The cattle report was released from the USDA Jan. 29, it conveyed that inventory levels are slightly lower than a year ago. There were some revisions to prior estimates, but overall the levels were in line with trade expectations. The main takeaways were the stabilization of inventories, the smaller calf crop and fewer cattle outside of feedlots. The inventory levels have increased or consolidated in the plains states, stretching from North Dakota to Texas, with levels generally lower elsewhere.
The overall inventory on Jan. 1, 2021 was 93.6 million head. For the beef sector, the number of beef cows was down slightly while the number of beef replacement heifers was up slightly. Thus, there is no clear expansion or contraction indication. In states with the largest beef cow numbers, inventory levels are up sharply in Texas and Oklahoma, and lower in Missouri. The continuing drought conditions in the western United States would just be starting to be reflected in these numbers. Cow slaughter would be a metric to follow in the months ahead, especially following calving this spring. For the dairy sector, the opposite is happening with more cows and fewer replacements. Cow inventory levels were steady in California and Wisconsin, the states with the largest dairy cow numbers.
The overall number of cattle on feed is up slightly from a year ago. The increase is consistent with the Cattle on Feed report that had January 1 levels up among large feedlots. The Cattle report gives the levels that includes small feedlots, those with fewer than 1,000 head. The total inventory is higher among both categories. Iowa has the largest inventory in smaller feedlots. Large feedlots there have an inventory level the same as last year, but the small lots have a lower inventory level.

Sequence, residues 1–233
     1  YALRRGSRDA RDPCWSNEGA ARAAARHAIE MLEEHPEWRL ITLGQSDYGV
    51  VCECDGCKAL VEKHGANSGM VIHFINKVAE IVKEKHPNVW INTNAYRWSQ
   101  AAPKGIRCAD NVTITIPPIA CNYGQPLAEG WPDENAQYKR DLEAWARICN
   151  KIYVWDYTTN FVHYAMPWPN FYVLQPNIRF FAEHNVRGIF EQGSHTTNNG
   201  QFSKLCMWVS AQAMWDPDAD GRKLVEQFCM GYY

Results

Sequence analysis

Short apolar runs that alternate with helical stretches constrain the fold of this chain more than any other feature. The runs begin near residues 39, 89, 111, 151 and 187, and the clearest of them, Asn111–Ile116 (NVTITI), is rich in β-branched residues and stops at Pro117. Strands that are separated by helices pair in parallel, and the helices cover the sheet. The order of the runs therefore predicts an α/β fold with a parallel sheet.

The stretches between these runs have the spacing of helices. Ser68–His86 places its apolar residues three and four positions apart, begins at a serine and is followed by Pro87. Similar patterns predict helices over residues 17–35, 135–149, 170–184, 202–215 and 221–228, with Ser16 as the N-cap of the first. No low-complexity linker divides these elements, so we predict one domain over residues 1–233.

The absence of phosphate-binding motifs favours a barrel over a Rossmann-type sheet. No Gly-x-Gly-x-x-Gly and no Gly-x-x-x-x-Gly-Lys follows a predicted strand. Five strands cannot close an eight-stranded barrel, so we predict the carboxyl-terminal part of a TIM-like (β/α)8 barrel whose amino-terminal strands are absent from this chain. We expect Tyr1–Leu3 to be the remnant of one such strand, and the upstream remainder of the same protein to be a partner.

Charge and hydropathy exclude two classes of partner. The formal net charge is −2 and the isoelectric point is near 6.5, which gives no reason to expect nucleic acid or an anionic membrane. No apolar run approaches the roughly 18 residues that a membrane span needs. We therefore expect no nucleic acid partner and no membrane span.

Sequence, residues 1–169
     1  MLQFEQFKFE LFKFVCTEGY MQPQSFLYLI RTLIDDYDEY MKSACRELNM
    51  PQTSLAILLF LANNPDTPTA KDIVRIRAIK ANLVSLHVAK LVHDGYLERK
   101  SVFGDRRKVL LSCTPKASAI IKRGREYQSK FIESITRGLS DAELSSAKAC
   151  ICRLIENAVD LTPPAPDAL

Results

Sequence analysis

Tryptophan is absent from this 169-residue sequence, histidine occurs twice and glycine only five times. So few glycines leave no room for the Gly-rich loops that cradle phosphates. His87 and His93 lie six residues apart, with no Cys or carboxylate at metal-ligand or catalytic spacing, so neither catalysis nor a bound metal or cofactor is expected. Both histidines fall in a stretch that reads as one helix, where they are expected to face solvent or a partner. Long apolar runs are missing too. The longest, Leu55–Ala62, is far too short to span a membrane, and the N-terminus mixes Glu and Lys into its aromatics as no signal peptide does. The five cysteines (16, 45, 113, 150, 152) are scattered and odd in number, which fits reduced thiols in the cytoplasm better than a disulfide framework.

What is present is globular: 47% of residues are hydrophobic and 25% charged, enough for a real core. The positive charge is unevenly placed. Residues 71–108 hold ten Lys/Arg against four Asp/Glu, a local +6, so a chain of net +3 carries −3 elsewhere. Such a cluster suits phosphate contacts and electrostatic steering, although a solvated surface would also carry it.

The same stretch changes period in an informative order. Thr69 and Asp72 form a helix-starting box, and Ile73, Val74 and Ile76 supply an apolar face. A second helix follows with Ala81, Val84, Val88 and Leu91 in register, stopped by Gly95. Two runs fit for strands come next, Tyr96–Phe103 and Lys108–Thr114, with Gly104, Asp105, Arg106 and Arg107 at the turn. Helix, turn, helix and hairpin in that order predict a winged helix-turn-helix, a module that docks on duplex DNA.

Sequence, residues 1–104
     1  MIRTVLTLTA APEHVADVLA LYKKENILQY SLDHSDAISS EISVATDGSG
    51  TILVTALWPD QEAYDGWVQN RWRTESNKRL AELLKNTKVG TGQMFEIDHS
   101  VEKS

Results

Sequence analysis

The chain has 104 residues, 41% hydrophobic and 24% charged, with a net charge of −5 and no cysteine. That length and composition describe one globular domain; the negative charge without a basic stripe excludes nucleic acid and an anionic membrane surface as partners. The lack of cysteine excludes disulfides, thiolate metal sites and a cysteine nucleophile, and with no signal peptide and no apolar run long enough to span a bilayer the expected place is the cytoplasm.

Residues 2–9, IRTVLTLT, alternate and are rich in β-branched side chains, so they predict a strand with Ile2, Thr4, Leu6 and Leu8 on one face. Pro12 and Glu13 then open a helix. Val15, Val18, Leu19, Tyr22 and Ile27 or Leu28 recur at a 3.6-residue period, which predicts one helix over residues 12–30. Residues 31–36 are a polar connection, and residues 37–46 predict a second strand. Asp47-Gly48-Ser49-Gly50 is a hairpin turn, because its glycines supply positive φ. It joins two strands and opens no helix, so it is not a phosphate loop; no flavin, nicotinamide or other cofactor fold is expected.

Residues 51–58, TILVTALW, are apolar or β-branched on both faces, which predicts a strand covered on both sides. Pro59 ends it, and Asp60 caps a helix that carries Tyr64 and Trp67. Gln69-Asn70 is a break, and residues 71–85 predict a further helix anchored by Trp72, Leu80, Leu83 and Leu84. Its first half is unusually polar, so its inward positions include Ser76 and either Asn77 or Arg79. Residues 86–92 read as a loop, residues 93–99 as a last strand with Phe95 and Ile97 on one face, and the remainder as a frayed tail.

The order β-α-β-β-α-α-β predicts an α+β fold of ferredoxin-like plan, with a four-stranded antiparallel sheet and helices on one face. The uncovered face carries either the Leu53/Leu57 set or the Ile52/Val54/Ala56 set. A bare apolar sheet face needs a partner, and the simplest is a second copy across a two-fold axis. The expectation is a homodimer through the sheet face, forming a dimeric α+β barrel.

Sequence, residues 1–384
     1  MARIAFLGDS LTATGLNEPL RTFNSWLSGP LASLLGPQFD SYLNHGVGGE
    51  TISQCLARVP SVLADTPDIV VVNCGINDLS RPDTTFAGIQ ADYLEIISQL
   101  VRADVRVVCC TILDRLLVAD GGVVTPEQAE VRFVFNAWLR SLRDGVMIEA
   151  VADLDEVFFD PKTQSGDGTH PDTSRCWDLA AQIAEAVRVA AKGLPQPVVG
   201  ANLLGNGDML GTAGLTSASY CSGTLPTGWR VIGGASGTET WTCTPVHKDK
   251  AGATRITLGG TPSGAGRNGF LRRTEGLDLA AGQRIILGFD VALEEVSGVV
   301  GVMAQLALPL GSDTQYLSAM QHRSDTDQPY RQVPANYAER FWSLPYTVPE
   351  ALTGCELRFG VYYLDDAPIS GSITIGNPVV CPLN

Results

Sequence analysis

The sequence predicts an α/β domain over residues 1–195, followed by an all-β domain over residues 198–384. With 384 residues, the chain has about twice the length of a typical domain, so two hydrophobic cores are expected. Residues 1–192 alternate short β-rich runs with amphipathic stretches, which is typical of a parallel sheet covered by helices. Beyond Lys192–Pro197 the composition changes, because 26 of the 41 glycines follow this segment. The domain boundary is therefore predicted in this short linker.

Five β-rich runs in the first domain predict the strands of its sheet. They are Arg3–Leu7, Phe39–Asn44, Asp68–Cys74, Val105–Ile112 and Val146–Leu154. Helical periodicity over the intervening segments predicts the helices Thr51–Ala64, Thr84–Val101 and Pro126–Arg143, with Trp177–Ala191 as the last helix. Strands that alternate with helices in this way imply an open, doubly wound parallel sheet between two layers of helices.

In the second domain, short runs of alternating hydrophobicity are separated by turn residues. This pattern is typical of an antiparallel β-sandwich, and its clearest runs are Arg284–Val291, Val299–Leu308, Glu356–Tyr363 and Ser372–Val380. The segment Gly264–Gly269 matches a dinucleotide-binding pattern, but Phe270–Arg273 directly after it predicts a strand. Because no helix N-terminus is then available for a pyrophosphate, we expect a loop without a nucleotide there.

Nationally, the dry conditions in the western United States may have resulted in the increase in placements. At the same time, the heifer mix in feedlots is lower than a year ago, a weak indicator of herd expansion. The number of cattle grazing wheat pastures is higher than last year, consistent with lower on-feed totals in Texas and Oklahoma. Kansas, in contrast, has a higher on-feed total.
Back in July, the 2020 calf crop was estimated at 35.8 million head. The current report had the calf crop sharply lower at 35.1 million head. The smaller supply of calves would be supportive of all classes of cattle prices moving forward. In the short run the higher placements level means a smaller supply of feeder cattle outside of feedlots. This should be supportive of feeder cattle prices for the first half of 2021. The dry conditions in the western United States may result in cattle moving east. Steady beef cow and replacement totals suggest a steady calf crop in 2021, which is also supportive of price in the second half of 2021.
Source: South Dakota State University, which is solely responsible for the information provided and is wholly owned by the source. Informa Business Media and all its subsidiaries are not responsible for any of the content contained in this information asset.